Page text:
We can see this powerfully, for example, around boundaries issues.  For example, an individual may face great difficulty in a work situation because she or he has trouble effectively enforcing their personal boundaries, and keeping work obligations from crossing the line and interfering in violating ways in his or her personal life.  Yet, as therapists dealing with anxiety and depression issues well know, a boundaries issue, and the need to say “No!” and protect oneself from excessive demands may well appear in several dimensions of a person’s life.  An individual experiencing boundary-crossing in the workplace, may also face it in other areas, such as relationships with spouse,  children, parents or peer group.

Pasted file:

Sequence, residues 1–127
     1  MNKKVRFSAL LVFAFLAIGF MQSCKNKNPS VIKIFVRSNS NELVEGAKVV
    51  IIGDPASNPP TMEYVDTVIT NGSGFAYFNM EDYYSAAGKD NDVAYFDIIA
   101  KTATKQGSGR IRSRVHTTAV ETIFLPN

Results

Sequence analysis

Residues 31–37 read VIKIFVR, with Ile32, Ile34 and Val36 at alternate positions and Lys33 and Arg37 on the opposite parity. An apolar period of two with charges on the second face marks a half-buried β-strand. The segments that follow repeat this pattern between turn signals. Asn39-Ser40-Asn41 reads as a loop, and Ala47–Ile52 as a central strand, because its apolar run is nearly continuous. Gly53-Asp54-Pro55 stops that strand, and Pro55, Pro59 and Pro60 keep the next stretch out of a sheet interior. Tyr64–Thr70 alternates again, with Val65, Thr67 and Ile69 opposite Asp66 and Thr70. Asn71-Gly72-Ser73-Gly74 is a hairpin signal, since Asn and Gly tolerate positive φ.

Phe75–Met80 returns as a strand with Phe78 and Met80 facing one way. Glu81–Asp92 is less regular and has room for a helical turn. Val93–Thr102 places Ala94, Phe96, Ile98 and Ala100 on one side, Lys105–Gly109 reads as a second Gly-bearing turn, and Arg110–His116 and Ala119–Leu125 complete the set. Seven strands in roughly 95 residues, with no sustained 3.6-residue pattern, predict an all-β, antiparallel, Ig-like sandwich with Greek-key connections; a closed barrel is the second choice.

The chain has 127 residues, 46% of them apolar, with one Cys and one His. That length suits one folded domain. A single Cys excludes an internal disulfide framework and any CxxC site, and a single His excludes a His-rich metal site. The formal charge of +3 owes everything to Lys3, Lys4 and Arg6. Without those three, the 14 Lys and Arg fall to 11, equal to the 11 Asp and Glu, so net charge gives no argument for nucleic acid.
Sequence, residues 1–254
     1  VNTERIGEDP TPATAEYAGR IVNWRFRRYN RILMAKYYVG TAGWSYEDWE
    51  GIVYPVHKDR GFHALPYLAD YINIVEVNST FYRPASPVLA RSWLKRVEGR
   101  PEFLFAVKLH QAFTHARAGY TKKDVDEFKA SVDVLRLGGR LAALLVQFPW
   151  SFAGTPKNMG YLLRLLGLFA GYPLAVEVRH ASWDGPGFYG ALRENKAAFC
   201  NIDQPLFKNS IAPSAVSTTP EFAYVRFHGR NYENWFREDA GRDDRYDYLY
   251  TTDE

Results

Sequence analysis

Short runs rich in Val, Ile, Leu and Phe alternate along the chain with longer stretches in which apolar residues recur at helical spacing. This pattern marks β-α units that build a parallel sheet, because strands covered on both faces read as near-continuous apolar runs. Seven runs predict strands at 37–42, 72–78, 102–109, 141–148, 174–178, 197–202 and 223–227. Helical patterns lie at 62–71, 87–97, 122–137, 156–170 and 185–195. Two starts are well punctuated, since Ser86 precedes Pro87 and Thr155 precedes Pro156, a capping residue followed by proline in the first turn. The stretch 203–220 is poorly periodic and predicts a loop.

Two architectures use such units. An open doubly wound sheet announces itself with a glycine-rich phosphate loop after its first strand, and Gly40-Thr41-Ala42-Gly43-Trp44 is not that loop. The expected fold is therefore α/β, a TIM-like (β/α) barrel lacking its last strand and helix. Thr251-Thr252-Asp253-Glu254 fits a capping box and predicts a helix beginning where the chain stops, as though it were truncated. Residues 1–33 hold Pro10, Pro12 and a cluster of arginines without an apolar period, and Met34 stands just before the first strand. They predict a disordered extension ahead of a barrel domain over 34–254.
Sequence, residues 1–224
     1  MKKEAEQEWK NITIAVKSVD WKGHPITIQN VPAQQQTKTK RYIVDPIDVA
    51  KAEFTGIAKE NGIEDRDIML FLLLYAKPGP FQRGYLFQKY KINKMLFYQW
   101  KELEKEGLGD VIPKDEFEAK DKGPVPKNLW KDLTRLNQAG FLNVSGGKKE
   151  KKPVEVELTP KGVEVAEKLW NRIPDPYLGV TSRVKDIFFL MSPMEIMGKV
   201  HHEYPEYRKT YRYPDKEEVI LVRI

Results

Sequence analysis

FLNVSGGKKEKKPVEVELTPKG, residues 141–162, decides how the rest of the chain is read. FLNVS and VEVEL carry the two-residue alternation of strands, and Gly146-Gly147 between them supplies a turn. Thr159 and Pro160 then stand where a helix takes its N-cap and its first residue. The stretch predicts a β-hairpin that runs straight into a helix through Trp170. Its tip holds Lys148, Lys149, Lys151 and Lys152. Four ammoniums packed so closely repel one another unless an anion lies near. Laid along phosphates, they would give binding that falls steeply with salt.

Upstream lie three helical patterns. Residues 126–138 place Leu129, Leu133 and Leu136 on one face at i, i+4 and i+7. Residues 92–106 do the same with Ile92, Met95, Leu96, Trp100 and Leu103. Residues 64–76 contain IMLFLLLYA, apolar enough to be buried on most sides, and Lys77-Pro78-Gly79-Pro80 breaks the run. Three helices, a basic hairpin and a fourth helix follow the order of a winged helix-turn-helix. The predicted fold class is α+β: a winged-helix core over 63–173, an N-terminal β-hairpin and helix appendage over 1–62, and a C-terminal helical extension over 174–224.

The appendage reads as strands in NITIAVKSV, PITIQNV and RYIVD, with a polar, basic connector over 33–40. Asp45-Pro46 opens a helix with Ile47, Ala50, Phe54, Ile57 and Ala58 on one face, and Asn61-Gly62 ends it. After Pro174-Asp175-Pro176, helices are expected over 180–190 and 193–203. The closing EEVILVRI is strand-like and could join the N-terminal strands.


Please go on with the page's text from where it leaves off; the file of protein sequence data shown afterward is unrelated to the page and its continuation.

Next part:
Depression About Work: Exploring the Depths

Perhaps even more importantly, depression about work may be connected to vital questions about who the individual really is, and what is really important in his or her life.  We may experience depression for any of a number of reasons.  One form of depression, as Jungian analyst Andrew Samuels tells us,  is caused by a

…damming up of energy which, when released, may take on a more positive direction…. 

He goes on to say, perhaps surprisingly that

A state of depression… should be entered into as fully as possible [italics mine]… so that the feelings involved may be clarified [and so represent] …a more precise idea or image to which the depressed person can relate.

depression about work

What Needs to Live and Breathe?

Samuels is helping us to understand that certain types of depression or “being shut down’ may be connected with deep feelings, or hopes, desires or yearnings for our lives that may be trying to come out of the unconscious, and come into focus — and that quite possibly need to be lived out in some form or another.  As American Jungian analyst Robert Johnson emphasizes,